Minor Thoughts from me to you

GM Plant Closes: Who's to Blame?

This morning, General Motors announced that it would be closing four plants -- including the Janesville, Wisconsin plant. Everyone was talking about the news today. Most of the talk centered around who to blame. The most popular candidates were President Bush; the evil, greedy managers of GM; and even President Reagan (!).

Governor Doyle's opinion:

"Bad corporate decision kept these lines turning out gas guzzlers as fuel prices went from 2 dollars to 3 dollars and now to 4 dollars per gallon.

"Now we stand here, carrying the burden of those bad corporate decisions -- failed leadership that culminated in a calculation that left out the very heart of this company, the workers who built"

Senator Obama's opinion:

"Unlike John McCain, I'm not in this race to extend the failed Bush economic policies; I'm in this race to end them," Obama said. "I've proposed investing $150 billion over ten years in green energy and creating up to five million new green jobs. We'll finally provide domestic automakers with the funding they need to retool their factories and make fuel-efficient and alternative fuel cars. And we'll invest in efforts to make sure that the cars of the future are made where they always have been -- in the United States. Because the fight for American manufacturing is the fight for America's future -- and I believe that's a fight this country will win."

As I read through the various articles, I noticed a few hints about why American automakers might need funding to produce fuel-efficient cars.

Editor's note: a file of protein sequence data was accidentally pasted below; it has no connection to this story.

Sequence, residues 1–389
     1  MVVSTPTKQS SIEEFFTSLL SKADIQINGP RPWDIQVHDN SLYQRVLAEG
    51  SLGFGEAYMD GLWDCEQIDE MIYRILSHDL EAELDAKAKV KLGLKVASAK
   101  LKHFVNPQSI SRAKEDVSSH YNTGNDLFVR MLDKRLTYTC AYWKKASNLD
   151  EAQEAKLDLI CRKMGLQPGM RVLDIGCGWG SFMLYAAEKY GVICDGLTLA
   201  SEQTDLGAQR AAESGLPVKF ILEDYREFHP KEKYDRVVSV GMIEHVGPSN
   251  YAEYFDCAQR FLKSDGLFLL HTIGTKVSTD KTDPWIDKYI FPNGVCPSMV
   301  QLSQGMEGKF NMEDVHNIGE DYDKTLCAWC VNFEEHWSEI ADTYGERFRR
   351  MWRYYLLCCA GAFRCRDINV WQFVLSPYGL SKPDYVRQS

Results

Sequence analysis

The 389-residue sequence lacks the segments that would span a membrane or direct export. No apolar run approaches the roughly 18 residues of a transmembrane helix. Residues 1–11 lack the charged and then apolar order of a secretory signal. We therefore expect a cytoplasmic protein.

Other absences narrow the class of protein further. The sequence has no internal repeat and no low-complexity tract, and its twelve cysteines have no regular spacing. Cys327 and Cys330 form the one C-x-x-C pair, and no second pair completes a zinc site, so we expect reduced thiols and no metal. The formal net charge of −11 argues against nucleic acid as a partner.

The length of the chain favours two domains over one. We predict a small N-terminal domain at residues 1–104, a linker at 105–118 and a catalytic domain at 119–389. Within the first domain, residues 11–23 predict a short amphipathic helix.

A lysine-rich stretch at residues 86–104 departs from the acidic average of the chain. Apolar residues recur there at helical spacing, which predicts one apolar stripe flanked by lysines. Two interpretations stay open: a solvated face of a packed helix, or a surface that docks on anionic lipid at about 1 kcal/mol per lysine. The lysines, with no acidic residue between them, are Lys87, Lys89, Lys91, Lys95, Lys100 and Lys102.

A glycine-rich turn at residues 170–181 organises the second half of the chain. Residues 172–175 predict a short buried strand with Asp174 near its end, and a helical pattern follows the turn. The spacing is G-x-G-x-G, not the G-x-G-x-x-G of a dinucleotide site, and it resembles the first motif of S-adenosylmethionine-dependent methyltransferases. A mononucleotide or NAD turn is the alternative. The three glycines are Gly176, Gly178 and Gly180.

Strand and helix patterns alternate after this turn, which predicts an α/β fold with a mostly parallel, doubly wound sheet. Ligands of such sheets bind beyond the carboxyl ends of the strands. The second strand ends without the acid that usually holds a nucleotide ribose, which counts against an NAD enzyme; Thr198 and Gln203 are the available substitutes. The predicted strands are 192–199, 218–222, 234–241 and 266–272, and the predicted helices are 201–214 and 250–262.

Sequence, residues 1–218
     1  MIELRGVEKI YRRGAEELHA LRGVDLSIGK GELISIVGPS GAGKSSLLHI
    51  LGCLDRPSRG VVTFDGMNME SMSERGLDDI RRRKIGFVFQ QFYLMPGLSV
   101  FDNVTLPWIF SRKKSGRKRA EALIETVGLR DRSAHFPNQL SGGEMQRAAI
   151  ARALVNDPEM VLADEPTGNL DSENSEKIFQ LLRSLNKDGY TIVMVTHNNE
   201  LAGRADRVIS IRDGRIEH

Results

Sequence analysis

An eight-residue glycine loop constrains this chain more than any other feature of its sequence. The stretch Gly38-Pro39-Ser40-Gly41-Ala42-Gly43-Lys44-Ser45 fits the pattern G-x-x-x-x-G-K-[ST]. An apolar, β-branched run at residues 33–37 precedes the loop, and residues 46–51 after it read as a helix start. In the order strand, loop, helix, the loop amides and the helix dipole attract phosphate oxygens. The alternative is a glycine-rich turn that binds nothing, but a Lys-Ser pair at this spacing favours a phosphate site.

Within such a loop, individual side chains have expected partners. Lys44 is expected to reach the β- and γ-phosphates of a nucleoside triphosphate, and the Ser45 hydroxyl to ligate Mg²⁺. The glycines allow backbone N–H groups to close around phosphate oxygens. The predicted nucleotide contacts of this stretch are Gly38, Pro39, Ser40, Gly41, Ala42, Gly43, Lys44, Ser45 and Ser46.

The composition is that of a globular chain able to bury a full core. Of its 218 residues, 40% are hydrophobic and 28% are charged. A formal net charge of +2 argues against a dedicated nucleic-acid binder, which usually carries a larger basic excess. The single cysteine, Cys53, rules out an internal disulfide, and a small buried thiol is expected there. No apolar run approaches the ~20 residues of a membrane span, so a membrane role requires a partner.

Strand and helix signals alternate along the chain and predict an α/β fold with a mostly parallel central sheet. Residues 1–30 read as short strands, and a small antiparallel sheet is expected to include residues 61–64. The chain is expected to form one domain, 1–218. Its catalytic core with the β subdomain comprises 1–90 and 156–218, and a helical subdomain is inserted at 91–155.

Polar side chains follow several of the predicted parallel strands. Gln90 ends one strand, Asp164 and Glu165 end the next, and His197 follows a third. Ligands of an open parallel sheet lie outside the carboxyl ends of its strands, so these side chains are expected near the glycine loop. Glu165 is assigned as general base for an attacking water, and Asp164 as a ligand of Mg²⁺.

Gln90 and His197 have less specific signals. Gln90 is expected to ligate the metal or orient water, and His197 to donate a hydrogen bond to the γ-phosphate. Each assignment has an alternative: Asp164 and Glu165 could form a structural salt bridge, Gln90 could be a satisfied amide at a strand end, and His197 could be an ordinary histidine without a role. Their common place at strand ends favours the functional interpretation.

High Labor Costs:

In the past, costs generally were too high for Detroit automakers to turn a profit on small U.S.-built cars. But [Chief Executive Rick] Wagoner said GM has lowered costs enough with new labor contracts and other measures to turn a profit.

"The direct answer is we need to," Wagoner told reporters. "We believe we can build a car there profitably."

Generous Benefits:

Fisher said some of the hardest hit residents will be those employed by suppliers and other businesses dependent on GM, noting that GM often has been called "generous motors" for its pay and benefits.

That corporate generosity -- often granted at the barrel of a UAW gun -- destroyed GM's ability to make a profit on small cars. Because of high labor costs, GM only earned a decent profit on the more expensive trucks and SUVs. With gas costing $4 gallon GM can no longer afford to keep producing gas hogs -- or keep employing a pricey workforce.

Finally, it's interesting to note that Senator Kohl believes only the government is capable of retraining GM's employees.

"With the announcement that General Motors plans to close this plant, thousands of skilled and dedicated workers face a stark future of employment and financial uncertainty," Kohl said. "Secretary Chao seems to understand the severity of the situation and assured me that the Labor Department would take immediate steps to retrain workers at the plant. Only then can these employees learn new skills necessary to finding new jobs."

Silly me. This plant has been on life support for quite a while. I thought that the employees might have taken that as a warning sign to improve their own skills and start learning a new trade.

And, yes, I do feel for these workers. I can sympathize with the fear that comes from losing a steady income and facing an uncertain future. In some measure, the future is always uncertain. I prefer to always plan for that uncertainty, as best as I possibly can. I never want to just assume that if I ignore the uncertainty -- or appeal to Washington -- that it will just go away.